The bike already had some good fittings, including an FMF full system, a high screen and a good bashplate, and I’d added a dash to take the GPS, some cheapo ‘trail blinkers’ I found in my shed, my choice of ’bars and some bits and pieces from Adventure Bike Australia (those guys keep a great range of KLR fittings).

With a pair of new Motoz Tractionators, that’s how the bike looked when it went on display at the MotoExpo in 2016.

An outdoor cinema under a full moon is a very special occasion.

Hot stuff

The Adventure Film Festival in Bright offered a great opportunity get the bike back in my shed in northern NSW. After a couple of planes, buses and a train, I stood in Bright, Victoria, contemplating the heatwave conditions.

The town was buzzing with bikes of all kinds, adventurers of all kinds, and the film festival was rockin’.

As the sun went down and the temperature plummeted into the low 30s I sat under a full moon beside a clear, chuckling stream and enjoyed the outdoor cinema.

It was an experience that made a big impact on me.

The next morning I fired up Kremit and hit the road.

I can’t say the next 1200km or so of Hume and Pacific Highways was one of my favourite rides ever, but I did learn a few things about the bike and some of the equipment it now had.

The first was obviously the Touratech suspension, and while it seemed way more supple than I remembered, the highway is no place to make a judgement.

The pannier racks were solid, well-made gear, and Robin loaned me some Touratech hard panniers for the road trip.

They were brilliant.

There was one small thing that made a huge difference. Motorrad Garage had sent an Omni Cruise Control for me to try. It wasn’t an impressive-looking item, but holy suffering cats! On a droning ride like this one I could lock the bike on 110kph, then just sit back and monitor my rapidly increasing arse numbness.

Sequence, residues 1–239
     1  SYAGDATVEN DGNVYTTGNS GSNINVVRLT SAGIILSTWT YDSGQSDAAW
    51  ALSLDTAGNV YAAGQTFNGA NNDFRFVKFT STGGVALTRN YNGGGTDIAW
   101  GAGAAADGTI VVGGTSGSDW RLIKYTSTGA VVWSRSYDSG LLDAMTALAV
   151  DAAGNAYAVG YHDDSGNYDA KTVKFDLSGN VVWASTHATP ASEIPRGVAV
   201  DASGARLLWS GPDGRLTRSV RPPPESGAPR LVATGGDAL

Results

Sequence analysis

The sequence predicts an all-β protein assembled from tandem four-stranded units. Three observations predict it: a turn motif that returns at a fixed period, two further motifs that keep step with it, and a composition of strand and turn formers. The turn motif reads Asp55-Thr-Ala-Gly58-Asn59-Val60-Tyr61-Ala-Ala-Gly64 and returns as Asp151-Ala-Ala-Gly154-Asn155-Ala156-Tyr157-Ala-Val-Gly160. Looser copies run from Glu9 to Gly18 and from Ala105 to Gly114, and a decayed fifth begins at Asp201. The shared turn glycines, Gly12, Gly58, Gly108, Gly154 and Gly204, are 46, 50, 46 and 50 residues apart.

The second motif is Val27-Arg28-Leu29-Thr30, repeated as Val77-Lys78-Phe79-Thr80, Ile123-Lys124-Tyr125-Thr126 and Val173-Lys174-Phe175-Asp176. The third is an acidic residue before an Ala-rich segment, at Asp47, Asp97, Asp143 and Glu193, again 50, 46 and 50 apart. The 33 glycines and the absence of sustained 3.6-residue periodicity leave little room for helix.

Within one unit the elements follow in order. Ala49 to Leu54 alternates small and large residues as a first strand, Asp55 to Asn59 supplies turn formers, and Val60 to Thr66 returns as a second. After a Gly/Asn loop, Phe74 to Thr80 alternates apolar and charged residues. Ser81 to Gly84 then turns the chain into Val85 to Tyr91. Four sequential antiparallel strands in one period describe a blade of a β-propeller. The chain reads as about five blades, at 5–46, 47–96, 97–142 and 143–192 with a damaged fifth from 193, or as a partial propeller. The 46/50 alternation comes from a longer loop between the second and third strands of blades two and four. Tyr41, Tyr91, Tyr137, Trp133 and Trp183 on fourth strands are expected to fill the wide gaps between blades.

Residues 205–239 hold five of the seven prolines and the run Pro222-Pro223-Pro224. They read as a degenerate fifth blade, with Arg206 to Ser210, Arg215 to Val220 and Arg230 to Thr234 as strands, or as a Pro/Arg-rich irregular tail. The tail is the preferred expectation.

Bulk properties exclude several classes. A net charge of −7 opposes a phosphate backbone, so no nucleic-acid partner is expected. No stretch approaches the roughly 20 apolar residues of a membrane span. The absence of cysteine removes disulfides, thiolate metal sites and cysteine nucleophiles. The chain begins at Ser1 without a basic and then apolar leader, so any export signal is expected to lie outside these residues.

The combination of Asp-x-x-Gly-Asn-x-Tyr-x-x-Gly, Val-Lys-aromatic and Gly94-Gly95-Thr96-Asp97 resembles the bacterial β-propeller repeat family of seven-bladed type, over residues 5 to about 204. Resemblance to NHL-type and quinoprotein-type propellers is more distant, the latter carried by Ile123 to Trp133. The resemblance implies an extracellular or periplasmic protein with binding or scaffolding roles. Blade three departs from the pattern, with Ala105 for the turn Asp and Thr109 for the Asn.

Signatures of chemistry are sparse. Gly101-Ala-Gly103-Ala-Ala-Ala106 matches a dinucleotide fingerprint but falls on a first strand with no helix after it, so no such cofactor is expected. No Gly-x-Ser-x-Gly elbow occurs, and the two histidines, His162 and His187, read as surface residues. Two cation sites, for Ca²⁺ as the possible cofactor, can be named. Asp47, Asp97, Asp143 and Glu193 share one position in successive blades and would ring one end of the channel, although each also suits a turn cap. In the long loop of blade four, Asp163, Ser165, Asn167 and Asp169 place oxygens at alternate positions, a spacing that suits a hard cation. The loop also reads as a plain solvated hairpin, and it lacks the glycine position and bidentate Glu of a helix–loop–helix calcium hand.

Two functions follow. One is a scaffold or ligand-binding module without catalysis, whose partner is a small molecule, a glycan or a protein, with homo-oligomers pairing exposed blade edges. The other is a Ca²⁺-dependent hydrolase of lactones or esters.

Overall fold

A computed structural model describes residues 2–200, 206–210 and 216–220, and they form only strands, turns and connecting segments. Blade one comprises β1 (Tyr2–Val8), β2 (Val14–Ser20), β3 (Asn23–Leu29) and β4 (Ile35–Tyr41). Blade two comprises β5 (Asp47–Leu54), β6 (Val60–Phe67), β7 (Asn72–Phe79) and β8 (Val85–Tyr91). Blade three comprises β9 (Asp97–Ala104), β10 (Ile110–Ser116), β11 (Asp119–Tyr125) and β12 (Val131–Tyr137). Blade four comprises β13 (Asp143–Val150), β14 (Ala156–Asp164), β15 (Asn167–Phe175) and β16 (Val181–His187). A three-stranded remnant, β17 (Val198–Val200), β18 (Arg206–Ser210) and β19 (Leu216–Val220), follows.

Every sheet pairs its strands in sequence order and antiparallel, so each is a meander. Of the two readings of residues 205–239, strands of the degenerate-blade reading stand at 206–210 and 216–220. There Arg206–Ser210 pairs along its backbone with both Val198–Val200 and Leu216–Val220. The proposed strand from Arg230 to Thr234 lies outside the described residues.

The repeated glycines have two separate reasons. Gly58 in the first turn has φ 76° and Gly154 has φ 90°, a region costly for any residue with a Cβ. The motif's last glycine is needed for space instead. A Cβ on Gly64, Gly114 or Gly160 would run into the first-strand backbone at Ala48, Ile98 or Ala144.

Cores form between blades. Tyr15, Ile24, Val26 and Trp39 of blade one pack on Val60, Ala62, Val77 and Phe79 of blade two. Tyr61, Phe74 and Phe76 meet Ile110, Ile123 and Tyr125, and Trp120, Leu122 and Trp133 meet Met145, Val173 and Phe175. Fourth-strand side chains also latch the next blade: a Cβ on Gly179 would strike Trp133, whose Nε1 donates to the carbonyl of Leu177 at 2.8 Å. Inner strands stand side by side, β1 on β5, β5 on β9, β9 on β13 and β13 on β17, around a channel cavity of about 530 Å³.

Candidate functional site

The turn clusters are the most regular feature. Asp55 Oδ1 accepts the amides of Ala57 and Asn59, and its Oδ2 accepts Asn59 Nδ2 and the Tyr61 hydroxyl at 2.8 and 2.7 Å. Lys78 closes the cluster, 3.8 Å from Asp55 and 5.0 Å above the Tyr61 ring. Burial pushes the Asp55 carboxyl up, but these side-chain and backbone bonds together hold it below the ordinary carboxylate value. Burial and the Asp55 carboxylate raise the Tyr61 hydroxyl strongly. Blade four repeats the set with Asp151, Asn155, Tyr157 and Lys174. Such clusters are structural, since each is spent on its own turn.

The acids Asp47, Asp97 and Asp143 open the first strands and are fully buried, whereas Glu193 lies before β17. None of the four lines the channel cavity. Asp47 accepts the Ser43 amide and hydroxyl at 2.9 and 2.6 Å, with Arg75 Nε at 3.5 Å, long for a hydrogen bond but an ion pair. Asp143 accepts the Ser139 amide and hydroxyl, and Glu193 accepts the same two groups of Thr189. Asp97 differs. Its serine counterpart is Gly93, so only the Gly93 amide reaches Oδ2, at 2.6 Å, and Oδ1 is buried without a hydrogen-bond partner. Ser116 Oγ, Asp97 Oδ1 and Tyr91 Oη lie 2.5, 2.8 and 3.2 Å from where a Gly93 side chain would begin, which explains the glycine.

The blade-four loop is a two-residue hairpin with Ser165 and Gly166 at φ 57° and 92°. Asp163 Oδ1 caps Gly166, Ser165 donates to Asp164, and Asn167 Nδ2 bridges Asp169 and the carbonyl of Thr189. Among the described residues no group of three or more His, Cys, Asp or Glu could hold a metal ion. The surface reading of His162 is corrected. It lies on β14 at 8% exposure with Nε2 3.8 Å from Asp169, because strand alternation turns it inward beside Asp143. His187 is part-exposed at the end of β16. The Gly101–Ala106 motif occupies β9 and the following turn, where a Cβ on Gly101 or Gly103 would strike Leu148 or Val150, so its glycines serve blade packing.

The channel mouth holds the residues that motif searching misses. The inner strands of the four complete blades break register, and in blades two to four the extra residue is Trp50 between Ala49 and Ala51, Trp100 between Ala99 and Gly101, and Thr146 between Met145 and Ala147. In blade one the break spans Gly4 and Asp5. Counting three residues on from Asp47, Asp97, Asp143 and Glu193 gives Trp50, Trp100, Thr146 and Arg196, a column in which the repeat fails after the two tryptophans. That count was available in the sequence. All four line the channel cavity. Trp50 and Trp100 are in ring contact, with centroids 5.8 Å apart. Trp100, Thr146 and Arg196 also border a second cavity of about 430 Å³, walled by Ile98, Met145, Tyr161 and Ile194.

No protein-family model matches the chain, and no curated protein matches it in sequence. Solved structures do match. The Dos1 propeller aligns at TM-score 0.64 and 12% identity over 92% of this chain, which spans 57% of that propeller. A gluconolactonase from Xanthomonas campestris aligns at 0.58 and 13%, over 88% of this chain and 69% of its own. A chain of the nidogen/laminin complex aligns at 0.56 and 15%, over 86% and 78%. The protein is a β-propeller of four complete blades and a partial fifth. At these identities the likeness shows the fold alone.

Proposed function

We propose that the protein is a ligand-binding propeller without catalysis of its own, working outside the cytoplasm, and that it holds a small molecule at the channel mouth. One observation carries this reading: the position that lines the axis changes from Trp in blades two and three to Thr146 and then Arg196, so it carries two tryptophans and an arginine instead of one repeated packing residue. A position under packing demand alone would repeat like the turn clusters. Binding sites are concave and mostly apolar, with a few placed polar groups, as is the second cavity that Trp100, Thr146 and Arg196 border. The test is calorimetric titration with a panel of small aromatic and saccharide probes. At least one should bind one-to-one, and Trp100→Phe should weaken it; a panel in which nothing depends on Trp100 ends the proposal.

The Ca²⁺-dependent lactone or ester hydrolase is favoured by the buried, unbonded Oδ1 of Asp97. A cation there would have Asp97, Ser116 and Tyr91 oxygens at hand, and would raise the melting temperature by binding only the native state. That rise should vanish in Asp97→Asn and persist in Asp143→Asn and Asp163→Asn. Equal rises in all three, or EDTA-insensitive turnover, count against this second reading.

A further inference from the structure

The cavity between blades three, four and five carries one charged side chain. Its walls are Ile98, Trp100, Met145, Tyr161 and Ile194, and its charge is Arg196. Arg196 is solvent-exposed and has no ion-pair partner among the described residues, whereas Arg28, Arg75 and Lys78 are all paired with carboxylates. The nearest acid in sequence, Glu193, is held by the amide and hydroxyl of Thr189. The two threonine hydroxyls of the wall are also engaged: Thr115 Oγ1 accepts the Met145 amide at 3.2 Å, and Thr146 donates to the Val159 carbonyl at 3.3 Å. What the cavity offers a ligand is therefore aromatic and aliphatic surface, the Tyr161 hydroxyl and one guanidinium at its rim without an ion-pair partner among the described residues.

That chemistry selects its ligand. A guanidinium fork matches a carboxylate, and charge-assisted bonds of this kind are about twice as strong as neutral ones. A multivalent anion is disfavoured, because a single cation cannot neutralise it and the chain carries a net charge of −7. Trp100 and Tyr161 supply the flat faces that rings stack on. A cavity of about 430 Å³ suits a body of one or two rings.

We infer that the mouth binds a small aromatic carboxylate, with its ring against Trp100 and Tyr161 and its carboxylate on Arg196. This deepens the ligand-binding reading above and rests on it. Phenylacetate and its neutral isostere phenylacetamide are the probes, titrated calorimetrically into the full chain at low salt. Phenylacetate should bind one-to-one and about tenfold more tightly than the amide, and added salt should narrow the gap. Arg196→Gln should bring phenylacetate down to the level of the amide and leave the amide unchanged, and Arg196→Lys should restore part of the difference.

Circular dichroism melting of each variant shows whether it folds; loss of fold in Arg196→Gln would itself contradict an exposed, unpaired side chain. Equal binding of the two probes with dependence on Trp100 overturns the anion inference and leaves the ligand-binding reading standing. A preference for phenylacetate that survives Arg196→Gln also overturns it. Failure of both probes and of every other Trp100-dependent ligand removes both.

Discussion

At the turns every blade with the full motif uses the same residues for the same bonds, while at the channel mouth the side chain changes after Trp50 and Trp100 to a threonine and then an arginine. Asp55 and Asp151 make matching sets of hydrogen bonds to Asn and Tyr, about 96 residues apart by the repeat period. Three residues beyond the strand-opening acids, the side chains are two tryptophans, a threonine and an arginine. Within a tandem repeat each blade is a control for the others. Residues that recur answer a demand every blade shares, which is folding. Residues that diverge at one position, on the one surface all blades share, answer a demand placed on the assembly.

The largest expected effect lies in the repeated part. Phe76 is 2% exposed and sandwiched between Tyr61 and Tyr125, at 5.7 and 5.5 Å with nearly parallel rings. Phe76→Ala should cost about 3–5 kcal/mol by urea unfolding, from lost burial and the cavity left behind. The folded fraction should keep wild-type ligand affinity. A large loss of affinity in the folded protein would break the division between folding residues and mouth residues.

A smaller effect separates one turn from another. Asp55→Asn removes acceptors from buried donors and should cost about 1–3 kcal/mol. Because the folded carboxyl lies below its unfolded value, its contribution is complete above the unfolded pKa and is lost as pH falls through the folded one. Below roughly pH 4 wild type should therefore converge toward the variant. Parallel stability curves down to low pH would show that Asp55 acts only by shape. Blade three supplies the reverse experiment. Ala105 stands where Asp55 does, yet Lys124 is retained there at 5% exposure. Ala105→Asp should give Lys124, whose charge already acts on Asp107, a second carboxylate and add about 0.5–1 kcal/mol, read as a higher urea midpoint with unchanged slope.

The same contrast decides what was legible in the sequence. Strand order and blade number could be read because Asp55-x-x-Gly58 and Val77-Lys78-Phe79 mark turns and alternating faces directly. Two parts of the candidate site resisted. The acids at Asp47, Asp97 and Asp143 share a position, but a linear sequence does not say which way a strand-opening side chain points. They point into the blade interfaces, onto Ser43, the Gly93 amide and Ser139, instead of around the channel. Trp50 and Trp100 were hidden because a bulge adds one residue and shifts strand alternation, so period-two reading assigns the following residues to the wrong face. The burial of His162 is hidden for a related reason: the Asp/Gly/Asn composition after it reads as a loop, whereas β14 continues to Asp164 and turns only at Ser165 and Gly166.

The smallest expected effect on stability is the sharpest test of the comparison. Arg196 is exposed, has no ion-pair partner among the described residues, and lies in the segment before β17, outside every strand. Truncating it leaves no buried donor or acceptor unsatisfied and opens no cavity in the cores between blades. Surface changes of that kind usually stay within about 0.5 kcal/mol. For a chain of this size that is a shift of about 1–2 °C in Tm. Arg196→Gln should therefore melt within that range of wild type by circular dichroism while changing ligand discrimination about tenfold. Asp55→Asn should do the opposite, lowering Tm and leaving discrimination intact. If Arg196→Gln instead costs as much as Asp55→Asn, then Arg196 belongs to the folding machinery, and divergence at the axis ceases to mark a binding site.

Hooray. It made the long, boring road kilometres a very great deal easier to take.

By the time I hit Sydney the state of my rear was the least of my problems. The heat was savage, and with a few red lights the temperature gauge began to head ominously northward.

It stopped about halfway up the scale and went no further, much to my relief.

The 2007 KLR650 as it appeared in the ‘for sale’ ad.

More to come

There’s a tough year planned for this bike, and this introduction is just so you readers know where the bike came from and what sorts of things it has going for it.

A couple of things it doesn’t have going for it are the front brake – which hardly works – and a seat that’s bloody awful over long distances. So those things will be addressed first up.

Hold on tight. We’re going to find out what a beat-up ol’ KLR can do.